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I had planned to write this week’s column about the greatest April Fool’s hoaxes of all time—whistling carrots, “Big Ben goes digital” and “Internet spring cleaning” among them.
Granted, it would have been belated—just after April Fool’s Day, something I just wasn’t thinking about for last week’s paper, March 27, the Beacon’s pre-April Fool’s edition.
Instead, that was the day the startling news broke about Sheriff Ronald E. Hewett’s suspension, accompanied by a petition bearing charges of intoxication, maladministration, misuse of employees and harassment, from too many sheriff’s department employees, and so on, and so on.
For many, the announcement was jaw-dropping and eye-popping. This was a Hewett they didn’t recognize. But there it was in black-and-white, multi-page documentation and tape-recorded audio.
Since then, I’ve talked with residents who still don’t believe; their adoration of their longtime sheriff runs that deep.
Some said he was set up. Others felt there were other people involved in misdeeds, too, so they started pointing fingers at him to cover themselves.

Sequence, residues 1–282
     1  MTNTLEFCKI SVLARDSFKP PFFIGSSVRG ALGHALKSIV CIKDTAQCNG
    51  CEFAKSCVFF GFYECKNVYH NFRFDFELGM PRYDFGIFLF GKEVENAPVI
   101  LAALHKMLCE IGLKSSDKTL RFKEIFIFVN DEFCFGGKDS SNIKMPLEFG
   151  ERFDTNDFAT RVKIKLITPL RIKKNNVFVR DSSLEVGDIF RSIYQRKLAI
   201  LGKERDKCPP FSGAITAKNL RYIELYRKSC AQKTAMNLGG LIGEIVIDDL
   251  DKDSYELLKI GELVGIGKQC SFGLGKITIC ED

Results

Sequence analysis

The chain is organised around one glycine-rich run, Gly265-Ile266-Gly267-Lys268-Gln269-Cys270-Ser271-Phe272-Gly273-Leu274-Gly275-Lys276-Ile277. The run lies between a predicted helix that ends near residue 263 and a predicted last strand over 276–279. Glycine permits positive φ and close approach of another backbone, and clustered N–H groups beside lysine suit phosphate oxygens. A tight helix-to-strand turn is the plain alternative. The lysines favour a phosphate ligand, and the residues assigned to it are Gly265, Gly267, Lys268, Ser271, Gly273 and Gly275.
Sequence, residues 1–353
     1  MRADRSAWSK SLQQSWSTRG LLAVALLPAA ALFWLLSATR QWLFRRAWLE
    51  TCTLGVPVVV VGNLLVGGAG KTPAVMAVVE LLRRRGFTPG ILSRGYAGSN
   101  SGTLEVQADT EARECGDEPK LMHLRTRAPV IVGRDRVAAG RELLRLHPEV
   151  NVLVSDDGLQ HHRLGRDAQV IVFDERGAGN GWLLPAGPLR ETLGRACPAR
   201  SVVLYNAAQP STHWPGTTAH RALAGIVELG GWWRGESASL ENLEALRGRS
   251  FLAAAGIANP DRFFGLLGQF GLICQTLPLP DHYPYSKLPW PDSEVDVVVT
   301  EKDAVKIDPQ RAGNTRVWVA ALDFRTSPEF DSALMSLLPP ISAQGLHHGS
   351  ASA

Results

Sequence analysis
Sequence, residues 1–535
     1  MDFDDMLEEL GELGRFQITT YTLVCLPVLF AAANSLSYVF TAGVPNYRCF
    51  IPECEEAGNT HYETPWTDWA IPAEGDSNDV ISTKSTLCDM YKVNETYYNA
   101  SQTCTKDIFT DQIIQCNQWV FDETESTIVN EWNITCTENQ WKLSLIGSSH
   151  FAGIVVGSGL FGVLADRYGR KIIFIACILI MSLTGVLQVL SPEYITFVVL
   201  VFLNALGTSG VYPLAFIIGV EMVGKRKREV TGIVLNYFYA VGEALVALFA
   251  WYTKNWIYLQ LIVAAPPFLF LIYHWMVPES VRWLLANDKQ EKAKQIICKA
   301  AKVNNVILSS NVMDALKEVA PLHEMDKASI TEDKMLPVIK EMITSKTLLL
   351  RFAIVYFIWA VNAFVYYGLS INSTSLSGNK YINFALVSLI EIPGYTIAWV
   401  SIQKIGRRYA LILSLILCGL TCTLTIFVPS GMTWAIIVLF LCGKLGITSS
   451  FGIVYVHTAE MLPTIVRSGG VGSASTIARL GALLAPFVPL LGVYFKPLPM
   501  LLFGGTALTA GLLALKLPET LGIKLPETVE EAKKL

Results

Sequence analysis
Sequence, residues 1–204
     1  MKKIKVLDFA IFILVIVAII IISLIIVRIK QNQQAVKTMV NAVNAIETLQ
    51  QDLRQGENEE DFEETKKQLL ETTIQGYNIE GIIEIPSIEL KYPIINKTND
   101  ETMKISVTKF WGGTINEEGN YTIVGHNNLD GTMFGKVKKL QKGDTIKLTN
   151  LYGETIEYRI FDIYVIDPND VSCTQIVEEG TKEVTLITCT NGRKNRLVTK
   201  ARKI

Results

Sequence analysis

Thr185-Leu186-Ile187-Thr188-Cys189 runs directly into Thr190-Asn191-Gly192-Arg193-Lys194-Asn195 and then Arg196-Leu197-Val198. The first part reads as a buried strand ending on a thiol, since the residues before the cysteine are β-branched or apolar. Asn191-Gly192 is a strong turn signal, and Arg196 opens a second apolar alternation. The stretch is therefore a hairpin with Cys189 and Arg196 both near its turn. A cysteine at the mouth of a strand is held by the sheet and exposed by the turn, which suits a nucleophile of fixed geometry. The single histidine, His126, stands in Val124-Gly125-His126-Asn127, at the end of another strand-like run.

“Don’t mess with my sheriff!” one resident told me early last year, before news about a federal grand jury investigation of his administration broke four months later. Sheriffing in Brunswick County was a lot more corrupt before he cruised in to save the day, she said.
Just this week, she was pretty much talking the same talk.
“I think he’s a fine man,” she said in a phone interview, adding, “And that is not for print.”
At least, not in any attributable form.
It was a similar scenario with other residents who didn’t want to go on record and definitely didn’t want their mug shots taken to accompany their quotes, wishes that make a reporter’s Monday a lot more difficult.
People are afraid to speak out, one woman said. But others just flat-out said they don’t believe the sheriff could be capable of the things he’s been accused of. Don’t mess with their sheriff.
Media outlets even offered citizens a chance to comment about the mess on their assorted Internet Web sites. The postings have been few and far between.
After the news broke, the mood around the county has been a lot more somber, and nobody seems to be much in a mood for joking—not on April Fool’s Day, and not in a newspaper column, either.
After months of waiting for the outcome from federal grand jury proceedings, people are finally garnering more information from the local D.A. and a Brunswick County grand jury.
And, it seems, many would be a lot happier if it were all a bad prank.
Laura Lewis is a staff writer at the Beacon. Reach her at 754-6890 or firstname.lastname@example.org.